Crystal Castles - Crystal Castles - Albums - Reviews - Soundblab

Crystal Castles - Crystal Castles

by Rich Morris Rating:8 Release Date:2010-05-24

Crystal Castles arrive with their second album sooner than scheduled due to leaks on the internet and general demand. On first listen to the imaginatively named 'Crystal Castles', I was really hung-over and not in a good place. It was unpleasant at best, but mostly just painful. Then I listened to it again the next day, while walking through Leeds city centre as the sun was going down and it was just perfect. Music journalists, as always with the sound of Alice Glass and Ethan Kath, throw out the cliche that you are either going to love it or hate it. I disagree with this when it comes to this record; from start to finish this album is bigger and more sophisticated than we have ever heard from the duo. It needs to be discovered and you can't dismiss it after just one listen.

We kick off with 'Fainting Spells'. The word that comes to mind whilst listening to this track is 'harsh'. Almost like nails down a blackboard. The vocals sound more distorted and the synths sound wilder. This track is intentionally uncomfortable to listen to and makes a loud statement about the conventional melody structures within electronica that the duo have been striving so hard to push away from. I am still not really into this track. However, it does have a undeniably powerful energy behind it which I imagine will be a joy to witness live.

Next track, 'Celestica' is more like what I would have expected from the duo, it has a familiar feel to it. The vocals are dreamy and perfectly accompanied by a simple keyboard melody which reminds me of a 90s 10-battery powered Yamaha keyboard on the 'chime' setting. It sets the listener up for a shock the first time you hear 'Doe Deer', the first single off the record. One-minute-37 of pure noise reminiscent of early Prodigy in parts with distorted screeches over the top. I don't doubt that in a live forum this one is going to make all the trendy scenesters forget their hair styles for a brief hiatus and jump around.

And on we go to 'Baptism'. It's so 90s-trance in parts it makes me think of Pogs and Kappa tracksuits. Again, there is nothing relaxing about this album, track after track producing layers of thumping noise. I feel like an old granny writing that, but trust me, it's heavy. 'Year Of Silence' is no exception, and it's anything but silent. However, this track is friendlier to the ear with nice breakdowns that give you chance to catch your breath. 'Empathy' is a change in pace again with a generic hip hop beat and floaty synths and vocals over the top. I like the samples and the atmosphere in this song; it's kinda bittersweet, like a lovely encounter with someone while knowing you have to say goodbye for a really long time. 'Suffocation' continues with the same bittersweet romantic theme although the vocals are mostly incomprehensible, not that it matters with Crystal Castles, it's never been about lyrics, just the sound.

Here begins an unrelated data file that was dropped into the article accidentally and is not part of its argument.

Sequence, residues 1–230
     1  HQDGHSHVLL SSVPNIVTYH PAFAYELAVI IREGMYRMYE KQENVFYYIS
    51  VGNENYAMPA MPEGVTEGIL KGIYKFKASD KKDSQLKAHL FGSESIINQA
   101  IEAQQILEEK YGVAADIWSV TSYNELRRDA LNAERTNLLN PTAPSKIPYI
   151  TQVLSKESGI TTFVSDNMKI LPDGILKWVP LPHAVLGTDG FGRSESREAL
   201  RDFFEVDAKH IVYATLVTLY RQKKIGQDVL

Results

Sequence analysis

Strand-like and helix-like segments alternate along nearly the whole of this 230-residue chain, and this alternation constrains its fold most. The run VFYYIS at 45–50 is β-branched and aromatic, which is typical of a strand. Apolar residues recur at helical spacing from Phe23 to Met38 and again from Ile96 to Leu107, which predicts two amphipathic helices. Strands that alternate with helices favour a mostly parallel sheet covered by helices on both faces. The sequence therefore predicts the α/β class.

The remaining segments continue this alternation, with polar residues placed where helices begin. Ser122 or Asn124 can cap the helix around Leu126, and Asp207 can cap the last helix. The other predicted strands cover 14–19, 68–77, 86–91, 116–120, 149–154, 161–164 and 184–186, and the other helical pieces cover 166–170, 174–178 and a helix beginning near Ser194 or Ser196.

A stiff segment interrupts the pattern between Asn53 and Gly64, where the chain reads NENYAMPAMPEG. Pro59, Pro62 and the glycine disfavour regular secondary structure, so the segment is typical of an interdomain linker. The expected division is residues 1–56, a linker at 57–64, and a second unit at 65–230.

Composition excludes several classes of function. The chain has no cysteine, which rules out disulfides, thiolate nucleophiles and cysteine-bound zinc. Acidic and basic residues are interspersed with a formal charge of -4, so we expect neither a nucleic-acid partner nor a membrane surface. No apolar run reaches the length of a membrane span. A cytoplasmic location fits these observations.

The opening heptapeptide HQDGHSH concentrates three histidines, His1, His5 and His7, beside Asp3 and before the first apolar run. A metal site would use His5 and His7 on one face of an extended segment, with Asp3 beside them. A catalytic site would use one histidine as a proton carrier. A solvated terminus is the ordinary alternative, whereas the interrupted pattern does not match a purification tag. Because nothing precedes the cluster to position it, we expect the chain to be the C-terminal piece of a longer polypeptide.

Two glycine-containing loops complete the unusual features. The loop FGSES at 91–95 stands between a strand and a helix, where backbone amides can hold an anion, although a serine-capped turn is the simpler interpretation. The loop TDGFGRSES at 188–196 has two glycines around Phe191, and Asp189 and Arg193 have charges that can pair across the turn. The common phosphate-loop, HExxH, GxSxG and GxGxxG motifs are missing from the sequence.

'Violent Dreams' features what I can only presume is Ethan Kath's vocals; they defiantly sound different - good different. This song feels quite repetitive and a bit boring in light of the previous chops and changes in style throughout this record. It seems to drag on a bit; I spent the entire time listening to it expecting it to go somewhere, but it doesn't. The abrupt ending plays like an anti-climax. 'Vietnam' is a classic dance music progression, not as much distortion and noise influence. The pitch is bent on the vocals to create a similar effect to that from 'Crimewave' from the first record which plays perfectly.

We are on the home straight now with 'Birds': it has a distorted, angry guitar sound running though it and is almost defiantly drawing on the duo's punk influences. This is one of the uneasy tracks with the vocals sounding like a woman in the distance crying for help. It sounds almost industrial and would be perfect in a zombie movie. 'Pap Smear' is defiantly the most transparent song on the entire record, starting with a euphoric synth line and relentless 4/4 beat. Alice Glass continues to work her magic; it's great and plays on more obvious melody lines and generic song structure.

'Not in Love' up next and by this point I am getting a bit bored, same 4/4 beat synth and lyrics you can't quite catch. Oh, and don't forget the thick layer of indistinguishable noise. Deep down below all that stuff is a conventional song structure. Verse, chorus, verse, chorus, chorus. It's as if they are trying to hide it, like a dirty little secret, but if you listen closely it's there. 'Intimate' brings my attention back; the relationship between the melody in the noise and the beat really works well in this track. Throughout this entire record one thing that has stood out is the cross-genre influences, drawing on a whole different spectrum of traditional beats and basslines and building upwards.

Final track 'I Am Made of Chalk' starts like that noise cats make when they fight and leaves you in a ocean swimming with dolphins. I guess that sums up this record for me: some parts are edgy and uncomfortable, other parts are dreamy. I am impressed by that uneasiness I feel when trying to come up with a verdict on this record; no music really does that to me - I like what I like. A lot of you will have made up your mind on Crystal Castles a long time ago, maybe pegging them as hipster try-hards but they have come a long way since their first album. It's defiantly an interesting journey they are on.

Emma Stafford

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